The triakontatetraneuropeptide TTN increases [Ca2+]i in rat astrocytes through activation of peripheral-type benzodiazepine receptors

Kevin Yagle, Hailing Lu, Marina Guizzetti, Thomas Möller, Lucio G. Costa

Research output: Contribution to journalArticlepeer-review

19 Scopus citations


Astrocytes synthesize a series of regulatory peptides called endozepines, which act as endogenous ligands of benzodiazepine receptors. We have recently shown that one of these endozepines, the triakontatetraneuropeptide TTN, stimulates DNA synthesis in astroglial cells. The purpose of the present study was to determine the mechanism of action of TTN on cultured rat astrocytes. Binding of the peripheral-type benzodiazepine receptor ligand [3H]Ro5-4864 to intact astrocytes was displaced by TTN, whereas its C-terminal fragment (TTN[17-34], the octadecaneuropeptide ODN) did not compete for [3H]Ro5-4864 binding. Microfluorimetric measurement of cytosolic calcium concentrations ([Ca2+]i) with the fluorescent probe indo-1 showed that TTN (10-10 to 10-6 M) provokes a concentration-dependent increase in [Ca2+]i in cultured astrocytes. Simultaneous administration of TTN (10-8 M) and Ro5-4864 (10-5 M) induced an increase in [Ca2+]i similar to that obtained with Ro5-4864 alone. In contrast, the effects of TTN (10-8 M) and ODN (10-8 M) on [Ca2+]i were strictly additive. Chelation of extracellular Ca2+ by EGTA (6 mM) or blockage of Ca2+ channels with Ni2+ (2 mM) abrogated the stimulatory effect of TTN. The calcium influx evoked by TTN (10-7 M) or by Ro5-4864 (10-5 M) was not affected by the N- and T-type calcium channel blockers ω-conotoxin (10-6 M) and mibefradil (10-6 M), but was significantly reduced by the L-type calcium channel blocker nifedipine (10-7 M). Patch-clamp studies showed that, at negative potentials, TTN (10-7 M) induced a sustained depolarization. Reduction of the chloride concentration in the extracellular solution shifted the reversal potential from 0 mV to a positive potential. These data show that TTN, acting through peripheral-type benzodiazepine receptors, provokes chloride efflux, which in turn induces calcium influx via L-type calcium channels in rat astrocytes.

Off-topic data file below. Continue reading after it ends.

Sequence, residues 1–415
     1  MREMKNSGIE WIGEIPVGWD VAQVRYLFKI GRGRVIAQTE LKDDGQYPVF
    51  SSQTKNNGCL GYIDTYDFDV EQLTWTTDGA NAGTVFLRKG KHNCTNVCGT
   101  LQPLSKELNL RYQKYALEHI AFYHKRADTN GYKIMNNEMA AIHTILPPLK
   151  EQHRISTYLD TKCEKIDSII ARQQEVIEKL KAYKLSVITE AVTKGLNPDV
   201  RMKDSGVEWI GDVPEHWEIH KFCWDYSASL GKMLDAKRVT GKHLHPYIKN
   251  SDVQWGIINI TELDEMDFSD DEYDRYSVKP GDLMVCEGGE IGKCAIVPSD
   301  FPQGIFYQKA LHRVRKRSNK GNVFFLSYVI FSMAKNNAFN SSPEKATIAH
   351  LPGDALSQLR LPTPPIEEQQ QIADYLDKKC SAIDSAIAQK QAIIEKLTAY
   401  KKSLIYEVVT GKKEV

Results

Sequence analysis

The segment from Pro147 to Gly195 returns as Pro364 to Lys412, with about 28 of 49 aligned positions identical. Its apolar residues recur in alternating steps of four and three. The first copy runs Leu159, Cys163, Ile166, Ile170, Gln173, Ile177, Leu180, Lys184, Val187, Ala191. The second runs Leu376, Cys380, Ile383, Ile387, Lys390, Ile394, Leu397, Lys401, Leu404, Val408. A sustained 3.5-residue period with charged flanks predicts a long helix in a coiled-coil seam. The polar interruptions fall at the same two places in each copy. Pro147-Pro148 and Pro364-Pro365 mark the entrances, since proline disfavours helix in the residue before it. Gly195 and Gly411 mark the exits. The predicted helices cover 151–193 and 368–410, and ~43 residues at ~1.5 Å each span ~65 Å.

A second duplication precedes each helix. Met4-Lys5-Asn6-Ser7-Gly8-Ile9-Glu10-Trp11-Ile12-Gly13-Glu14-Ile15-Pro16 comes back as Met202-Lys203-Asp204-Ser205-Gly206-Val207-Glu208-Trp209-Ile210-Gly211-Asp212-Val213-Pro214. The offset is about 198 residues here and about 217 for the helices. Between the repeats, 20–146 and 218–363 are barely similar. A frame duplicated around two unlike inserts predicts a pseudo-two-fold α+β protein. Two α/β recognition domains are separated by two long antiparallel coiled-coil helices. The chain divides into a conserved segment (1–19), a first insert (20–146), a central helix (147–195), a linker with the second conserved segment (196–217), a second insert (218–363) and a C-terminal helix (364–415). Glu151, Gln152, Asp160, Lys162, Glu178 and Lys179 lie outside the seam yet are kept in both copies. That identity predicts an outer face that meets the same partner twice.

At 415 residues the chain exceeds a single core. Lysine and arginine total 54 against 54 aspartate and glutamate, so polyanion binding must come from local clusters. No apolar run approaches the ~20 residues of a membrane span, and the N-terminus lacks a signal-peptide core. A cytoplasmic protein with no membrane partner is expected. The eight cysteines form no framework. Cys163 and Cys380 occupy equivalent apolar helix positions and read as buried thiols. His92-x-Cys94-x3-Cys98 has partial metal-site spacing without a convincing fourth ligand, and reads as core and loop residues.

Original languageEnglish (US)
Pages (from-to)90-100
Number of pages11
Issue number2
StatePublished - 2001
Externally publishedYes


  • Astroglial cells
  • Endozepines
  • Intracellular calcium concentration
  • L-type calcium channels

ASJC Scopus subject areas

  • Neurology
  • Cellular and Molecular Neuroscience


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